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In a modern democracy, how can state officials strike a just balance between protecting national security interests and preserving freedom of the press? On Tuesday, South Africa became the latest state to grapple with this issue in the international spotlight after the Protection of State Information Bill passed the lower house of the national congress by a vote of 229 to 107. Heavily promoted by the dominant African National Congress (ANC) party, the bill grants selected state agencies the power to classify documents as “secret” if doing so will serve South Africa’s national interests. Any citizens and journalists found in possession of information deemed a “state secret” will be treated as foreign spies, and could receive a jail sentence of up to 25 years if the information is disclosed.
As in countless similar debates on national secrecy issues, both sides claim to act with South Africa’s long-term security concerns in mind. For the backers of the Protection of State Information Bill, “national security” primarily involves keeping state secrets from outsiders. The bill’s ANC supporters have emphasized its superiority to the 1982 Protection of Information Act, an apartheid-era law that did little to deter activities like the Cabinet-sanctioned destruction of classified state documents in the early 1990s. By punishing those who collect and disseminate classified information, the bill would more effectively counter what Minister of State Security Siyabongo Cwele has called an “increasing threat of espionage.” In response to pressure from the opposition, the approved draft allows only the state’s intelligence and security agencies to classify information as secret, and provides for the establishment of a committee to closely monitor the classification process. Such safeguards are intended to prevent the abuse of classification powers by the agencies, as well as by any outside parties that may pressure agency officials to bury undesirable information under a “secret” heading.
For the bill’s opponents, however, “national security” also involves keeping citizens apprised of government wrongdoing so that they can more effectively hold their elected officials accountable. Faced with the prospect of significant jail time, investigative journalists may be less likely to pursue stories that involve “classified” components, allowing more instances of state corruption to go unreported or receive coverage only at a superficial level. Despite a series of amendments made to the initial draft, the bill currently contains no public interest clause, and fails to provide adequate protection for whistleblowers in the eyes of the legislation’s detractors.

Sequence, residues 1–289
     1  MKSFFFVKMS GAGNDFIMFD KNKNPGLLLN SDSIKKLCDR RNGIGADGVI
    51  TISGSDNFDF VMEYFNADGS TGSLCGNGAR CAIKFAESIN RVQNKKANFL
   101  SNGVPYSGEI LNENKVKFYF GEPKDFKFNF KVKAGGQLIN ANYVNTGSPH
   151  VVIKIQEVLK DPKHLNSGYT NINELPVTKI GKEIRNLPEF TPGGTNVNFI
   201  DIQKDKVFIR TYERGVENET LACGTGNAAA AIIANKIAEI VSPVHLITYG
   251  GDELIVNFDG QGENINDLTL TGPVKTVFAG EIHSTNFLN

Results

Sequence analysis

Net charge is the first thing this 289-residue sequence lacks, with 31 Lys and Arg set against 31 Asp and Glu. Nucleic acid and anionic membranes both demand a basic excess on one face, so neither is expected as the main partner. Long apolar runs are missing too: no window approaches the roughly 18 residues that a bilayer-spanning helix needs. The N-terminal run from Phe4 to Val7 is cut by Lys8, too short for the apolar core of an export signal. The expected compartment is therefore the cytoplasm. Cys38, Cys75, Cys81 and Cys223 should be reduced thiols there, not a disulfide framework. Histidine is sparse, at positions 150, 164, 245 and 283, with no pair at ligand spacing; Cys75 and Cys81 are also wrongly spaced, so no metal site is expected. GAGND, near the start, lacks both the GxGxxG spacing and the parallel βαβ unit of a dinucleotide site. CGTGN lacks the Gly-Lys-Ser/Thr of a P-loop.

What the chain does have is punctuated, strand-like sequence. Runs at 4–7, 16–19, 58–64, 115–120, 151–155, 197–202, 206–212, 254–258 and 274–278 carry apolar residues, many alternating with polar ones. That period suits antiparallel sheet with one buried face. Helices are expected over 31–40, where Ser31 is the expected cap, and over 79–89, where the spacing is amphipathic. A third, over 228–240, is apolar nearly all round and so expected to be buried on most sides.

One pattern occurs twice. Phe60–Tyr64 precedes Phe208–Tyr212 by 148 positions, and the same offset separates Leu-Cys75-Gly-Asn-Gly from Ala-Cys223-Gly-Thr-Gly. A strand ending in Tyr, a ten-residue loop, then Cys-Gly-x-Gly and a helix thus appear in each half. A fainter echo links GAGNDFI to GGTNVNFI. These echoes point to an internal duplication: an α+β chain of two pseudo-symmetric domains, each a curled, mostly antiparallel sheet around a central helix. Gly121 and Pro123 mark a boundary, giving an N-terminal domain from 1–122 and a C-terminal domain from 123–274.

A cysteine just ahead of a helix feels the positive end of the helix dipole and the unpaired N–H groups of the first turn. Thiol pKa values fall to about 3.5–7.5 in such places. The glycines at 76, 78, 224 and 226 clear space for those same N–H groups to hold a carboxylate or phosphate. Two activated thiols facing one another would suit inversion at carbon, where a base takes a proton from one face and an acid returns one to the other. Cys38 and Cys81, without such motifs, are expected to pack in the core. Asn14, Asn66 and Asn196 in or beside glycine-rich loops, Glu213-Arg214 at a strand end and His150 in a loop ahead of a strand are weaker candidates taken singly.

The ANC’s abuse-safeguard amendments haven’t exactly served as a point of comfort, either. During a press conference on Tuesday, Minister Cwele commented that, “the foreign spies continue to steal our sensitive information in order to advantage their nations at the expense of advancement of South Africa and her people.” Rather than limiting the concept of “national interest” to intelligence and military concerns, these remarks reflect a more sweeping definition that could apply to such areas as state economic strategies and, in critics’ worst-case scenario, the strength and reputation of individual rulers. If preserving officials’ political health is considered a national security concern, documents illustrating human rights abuses and other forms of government corruption could receive a secret classification without interference from the monitoring committee.
Opposition parties have vowed to work on an alternate draft of the Protection of State Information Bill for consideration by the National Council of Provinces, the government’s upper legislative chamber. The bill’s critics have also promised to challenge it in the nation’s constitutional court should the legislation be passed by the Council and signed into law by President Zuma. Meanwhile, protests have already begun in front of ANC offices in Johannesburg and Cape Town, and notable figures like Archbishop Desmond Tutu are speaking up in defense of press freedoms. As South Africa struggles with competing definitions of “national security” and “national interest,” its democratic counterparts around the world can empathize with exactly how difficult such a reconciliation can be...and how frustrating it is to realize that the tension between security and free speech is never really resolved.